Dive into Kirby CMS and build your blog theme with the help of a UI framework Bootstrap and its pre-release WIP version Bootstrap 3.0
I’ve reviewed and created a Zurb Foundation Theme for Kirby CMS. Well, it’s time to go to the cheaper (free) alternative called Stacey. Stacey works on the same principles as Kirby in that it’s a flat-file CMS that’s super-easy to work with.
Bootstrap is used for just about everything. Hell, the topic of bootstrap brings me most of my traffic! It’s hot, it’s still somewhat new, and it’s also a source of controversy. Well, here’s my thing. It’s a great tool, but not only for rapid creation of prototypes, it’s a great tool to layout a foundation for your site. In this article, we’ll be exploring all of the places that Twitter Bootstrap has become integrated.
In my last blog post, I showed everyone how to create a simple theme for Kirby CMS with Zurb Foundation. Today, I’ll show you how to run a blog with this snazzy setup. If you downloaded my theme last time, you’ll be able to follow along directly. Otherwise, pick up a copy on github and follow along.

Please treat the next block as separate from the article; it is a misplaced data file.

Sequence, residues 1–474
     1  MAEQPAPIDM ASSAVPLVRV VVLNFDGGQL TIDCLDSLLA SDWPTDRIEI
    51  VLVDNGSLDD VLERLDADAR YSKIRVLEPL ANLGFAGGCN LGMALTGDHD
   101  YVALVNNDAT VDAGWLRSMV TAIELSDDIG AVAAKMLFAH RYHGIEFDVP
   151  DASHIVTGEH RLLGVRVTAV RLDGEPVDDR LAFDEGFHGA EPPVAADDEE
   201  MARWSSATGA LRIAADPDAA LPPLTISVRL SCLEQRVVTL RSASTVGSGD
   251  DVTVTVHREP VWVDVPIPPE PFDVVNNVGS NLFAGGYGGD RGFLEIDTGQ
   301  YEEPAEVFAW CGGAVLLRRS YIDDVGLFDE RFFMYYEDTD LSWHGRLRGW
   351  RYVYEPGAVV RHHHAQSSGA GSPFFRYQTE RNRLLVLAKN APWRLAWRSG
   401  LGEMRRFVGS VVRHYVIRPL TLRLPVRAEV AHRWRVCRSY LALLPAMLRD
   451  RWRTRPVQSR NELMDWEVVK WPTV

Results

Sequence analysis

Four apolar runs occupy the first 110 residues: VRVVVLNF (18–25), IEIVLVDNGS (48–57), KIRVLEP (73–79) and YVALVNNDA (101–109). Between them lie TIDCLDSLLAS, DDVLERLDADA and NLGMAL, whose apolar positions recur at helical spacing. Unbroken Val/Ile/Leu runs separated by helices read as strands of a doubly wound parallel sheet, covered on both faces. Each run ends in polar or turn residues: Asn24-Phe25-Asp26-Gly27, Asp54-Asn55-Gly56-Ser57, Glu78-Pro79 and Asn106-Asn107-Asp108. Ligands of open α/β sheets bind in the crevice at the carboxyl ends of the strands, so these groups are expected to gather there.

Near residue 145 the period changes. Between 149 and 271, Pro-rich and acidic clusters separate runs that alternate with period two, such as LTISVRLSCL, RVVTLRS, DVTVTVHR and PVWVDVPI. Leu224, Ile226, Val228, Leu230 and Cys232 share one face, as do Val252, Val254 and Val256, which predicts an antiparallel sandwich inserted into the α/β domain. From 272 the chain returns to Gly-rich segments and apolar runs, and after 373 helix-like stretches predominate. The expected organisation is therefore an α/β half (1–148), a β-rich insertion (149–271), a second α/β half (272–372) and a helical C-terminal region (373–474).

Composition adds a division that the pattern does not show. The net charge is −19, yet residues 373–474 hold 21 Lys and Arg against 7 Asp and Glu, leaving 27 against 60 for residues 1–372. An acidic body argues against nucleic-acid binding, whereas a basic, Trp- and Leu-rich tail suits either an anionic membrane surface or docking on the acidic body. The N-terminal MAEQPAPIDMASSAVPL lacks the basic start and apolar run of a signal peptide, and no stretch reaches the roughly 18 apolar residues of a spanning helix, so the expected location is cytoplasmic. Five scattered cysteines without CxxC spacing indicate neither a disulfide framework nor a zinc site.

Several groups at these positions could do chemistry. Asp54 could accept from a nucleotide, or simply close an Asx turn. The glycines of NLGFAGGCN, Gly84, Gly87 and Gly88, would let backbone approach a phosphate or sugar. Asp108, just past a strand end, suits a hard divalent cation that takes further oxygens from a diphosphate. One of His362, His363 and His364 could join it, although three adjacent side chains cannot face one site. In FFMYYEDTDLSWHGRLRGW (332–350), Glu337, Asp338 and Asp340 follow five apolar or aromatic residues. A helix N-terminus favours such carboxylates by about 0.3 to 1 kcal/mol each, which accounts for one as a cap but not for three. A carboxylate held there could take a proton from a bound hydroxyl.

I will be walking you through a quick Kirby CMS installation and setup and then quick kirby cms theme creation with Zurb Foundation. Zurb, being a great company that recently acquired Forrst, and is hoping to revive the community. Zurb Foundation being their tool which rivals Twitter’s Bootstrap on every front. They even have their own icon font!
Big questions that’s often asked on a variety of forums. “What can I do to become a developer?” The question has puzzled many and often yields a list of books (that no one other than the poster has/will read), list of websites (that are WAY too advanced), and a battle over languages and definitions. Very pointless.
Use the Jquery DataTables.net plugin along with RavenDB to display and sort through a multitude of data
Build and customize your own bootstrap theme to create a clean new UI on top of familiar elements created the same HTML and CSS you’re used to
LEASE, if you do use Bootstrap for just about everything be courteous to your audience and change up some of the basic variables so it doesn’t look all the same! I just tested a really cool app and was SO disappointed that it used bootstrap. I’m sick of seeing the same damn buttons. I’m sick of seeing that same damn toolbar up top. It’s driving me crazy.
Starting on a large project can be intimidating and can be difficult. You need to be versatile, you won’t know exactly how many stylesheets you’ll need, what may conflict, what to do with certain properties and so on. The goal is to recognize that if a stylesheet gets too complicated, you can break it up into manageable pieces.